In a departure from our usual planning, we plotted our route through Kyushu by looking at its topography and riding towards the wildest geographic features we could find. Ever since Iga village, we’ve been joking about becoming mountain ascetics. Perhaps we were feeling a little too comfortable in our circuit of affordable suburban hotels, but we longed for something different and more difficult. Equipped with two kilos of brown rice we headed north, into the mountains.
First was Kirishima on the Ebino Plateau. A volcano pockmarked with several calderas, it happened to stand between us and our intended path north. We both thought it would be a shame to slink around its foothills when we could go straight over. Our hubris was rewarded with a long, steep climb, including some significant pushing. Sulphurous vents poured steam across the road. I contemplated how I would explain my case of volcano-lung if we had to seek medical attention. As we climbed to 1,200 meters the trees grew small and pale, before the naked peak loomed in front of us.
At the top of the Ebino Plateau, in true Japanese style, was a gift shop and a cafe. We’ve both started to anticipate a cone of vanilla/matcha soft serve at any sizable point of interest. It was just us and a half-empty tour bus. It turned out that most of the park was closed because the volcano was too just a little too active for tourism. The geological precariousness of Kyushu is striking to me. In the news that morning was a terrible mudslide, and we even passed a volcano eruption shelter on our way up. Recent significant earthquakes frequently come up in conversation.
The descent shaved a few millimeters off my brake pads. For good measure, we climbed a second, small mountain range that same day to reach Hitoyoshi. We followed a long, graded road that included several corkscrews that elevated the road bed hundreds of feet in the air.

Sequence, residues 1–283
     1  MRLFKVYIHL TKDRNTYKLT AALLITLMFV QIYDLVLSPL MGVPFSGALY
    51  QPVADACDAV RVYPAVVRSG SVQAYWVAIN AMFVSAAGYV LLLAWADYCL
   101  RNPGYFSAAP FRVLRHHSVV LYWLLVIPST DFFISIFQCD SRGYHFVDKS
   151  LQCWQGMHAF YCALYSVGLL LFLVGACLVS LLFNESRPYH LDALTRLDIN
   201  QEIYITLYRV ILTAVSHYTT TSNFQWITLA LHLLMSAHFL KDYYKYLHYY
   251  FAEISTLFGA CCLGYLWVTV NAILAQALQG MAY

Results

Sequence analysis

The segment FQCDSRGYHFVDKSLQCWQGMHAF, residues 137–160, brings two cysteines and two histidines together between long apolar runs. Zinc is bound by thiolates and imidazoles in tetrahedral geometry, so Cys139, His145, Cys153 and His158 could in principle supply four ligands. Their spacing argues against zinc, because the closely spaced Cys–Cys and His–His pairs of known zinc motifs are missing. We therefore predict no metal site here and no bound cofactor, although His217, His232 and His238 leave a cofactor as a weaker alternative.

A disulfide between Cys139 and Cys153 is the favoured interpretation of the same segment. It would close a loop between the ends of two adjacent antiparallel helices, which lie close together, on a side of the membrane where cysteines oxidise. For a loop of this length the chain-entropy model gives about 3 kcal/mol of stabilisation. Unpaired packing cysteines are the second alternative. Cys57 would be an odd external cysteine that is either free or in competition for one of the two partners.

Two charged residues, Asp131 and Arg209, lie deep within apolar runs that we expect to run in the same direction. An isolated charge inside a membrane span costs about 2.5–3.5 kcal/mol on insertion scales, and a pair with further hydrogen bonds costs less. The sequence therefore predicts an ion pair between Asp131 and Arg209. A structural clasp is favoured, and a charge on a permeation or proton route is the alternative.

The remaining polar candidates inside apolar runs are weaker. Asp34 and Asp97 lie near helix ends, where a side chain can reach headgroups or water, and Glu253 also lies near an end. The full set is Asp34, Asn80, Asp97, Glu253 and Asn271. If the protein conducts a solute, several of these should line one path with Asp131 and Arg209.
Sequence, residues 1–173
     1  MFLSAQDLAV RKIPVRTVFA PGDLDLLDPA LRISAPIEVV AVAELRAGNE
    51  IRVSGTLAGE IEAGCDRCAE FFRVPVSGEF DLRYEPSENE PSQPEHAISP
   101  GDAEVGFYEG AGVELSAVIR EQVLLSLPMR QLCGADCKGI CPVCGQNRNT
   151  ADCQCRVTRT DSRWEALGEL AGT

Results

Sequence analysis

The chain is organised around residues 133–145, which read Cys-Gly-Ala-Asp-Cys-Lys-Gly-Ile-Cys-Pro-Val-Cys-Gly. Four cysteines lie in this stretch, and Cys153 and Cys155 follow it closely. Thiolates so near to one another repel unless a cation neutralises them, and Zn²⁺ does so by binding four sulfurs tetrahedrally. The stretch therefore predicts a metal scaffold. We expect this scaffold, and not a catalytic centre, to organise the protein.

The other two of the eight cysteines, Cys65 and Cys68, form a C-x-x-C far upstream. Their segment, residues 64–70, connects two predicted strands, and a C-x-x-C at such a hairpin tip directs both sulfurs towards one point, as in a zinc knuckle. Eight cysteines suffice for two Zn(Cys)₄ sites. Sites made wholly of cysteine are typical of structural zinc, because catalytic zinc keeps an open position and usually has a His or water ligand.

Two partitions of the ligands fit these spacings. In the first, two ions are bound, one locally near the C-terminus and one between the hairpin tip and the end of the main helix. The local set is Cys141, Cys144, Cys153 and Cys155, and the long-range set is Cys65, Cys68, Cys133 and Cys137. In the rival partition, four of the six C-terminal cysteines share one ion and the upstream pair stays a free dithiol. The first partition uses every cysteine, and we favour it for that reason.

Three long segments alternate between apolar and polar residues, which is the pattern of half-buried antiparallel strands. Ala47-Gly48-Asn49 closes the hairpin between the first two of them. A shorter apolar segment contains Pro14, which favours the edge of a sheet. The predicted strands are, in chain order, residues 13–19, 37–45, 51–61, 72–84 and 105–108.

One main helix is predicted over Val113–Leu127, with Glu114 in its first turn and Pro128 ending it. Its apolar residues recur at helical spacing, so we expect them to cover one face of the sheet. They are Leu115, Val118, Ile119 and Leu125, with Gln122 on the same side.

We took a day off at a hostel in Hitoyoshi to rest, sightsee, and avoid torrential rain.
The next point that called to us was Mount Aso, another volcano sticking up out of an ancient sunken caldera. When we looked at possible waypoints, Jim found little Shiiba, an isolated village nestled improbably in a gorge.
What followed was one of the more beautiful and peaceful legs of our trip. A Japanese road given a number and a constant width on Google rarely reflects that in reality. Roads we followed petered out into single lanes. What they lacked in amenities they made up for with mountain streams, bamboo forests, and gigantic pines. We covered very little distance each day but large changes in elevation.
It turns out we’re not very good ascetics – when we reached Shiiba, we contacted the tourism office, which helped us book a stay at the Tsurutomi-Yashiki ryokan. We wanted to try the full-service ryokan experience, which comes with dinner and breakfast. We even upgraded to the more elaborate dinner, served in a private room in a neighboring historical building. The traditional kaiseki meal was like a surge assault on the senses. It consisted of at least 15 courses, some brought out in the beginning, others throughout the meal. Many of the ingredients were local to the region – mountain bamboo shoots; tempura-fried flowers; and small salmon called yamame. I spent most of dinner too stunned to process anything other than that it was delicious. That kind of dining experience that would have come with Michelin stars in New York.
We left Shiiba much better fed, but in an unfortunate downpour of cold rain. We didn’t make it very far. The best part of the ride was walking our bikes through a 2.5 km tunnel, which at least was warm and dry.
We stopped at the first ryokan we found, a family run place by the Gokase ski area. It was like the homespun counterpart to our first experience – friends arrived for dinner, one bearing fresh-caught yamame; the local English teacher was invited over to act as a translator. We were both overwhelmed by so much hospitality.
Finally, yesterday we arrived at Aso Geo Park. We entered the caldera through a series of tunnels on a screaming downhill. Suddenly Aso appeared in front of us, jagged and steaming. We’re staying with a Warmshowers host family near the base of neighboring Mt. Neko, on an organic farm, along with a cycling family and a pair of WWOOFers.
We ended yesterday in an onsen, watching Aso at sunset. It lives up to the drama promised by its topography.
We’re still plotting our next move, towards either the eastern or western coast of Kyushu. The surplus of beautiful mountain landscapes has desensitized us a bit – like spending too much time in a museum – so we’re actually longing to see a little suburbia again. But I hope we’re able to return to the mountains again in Japan.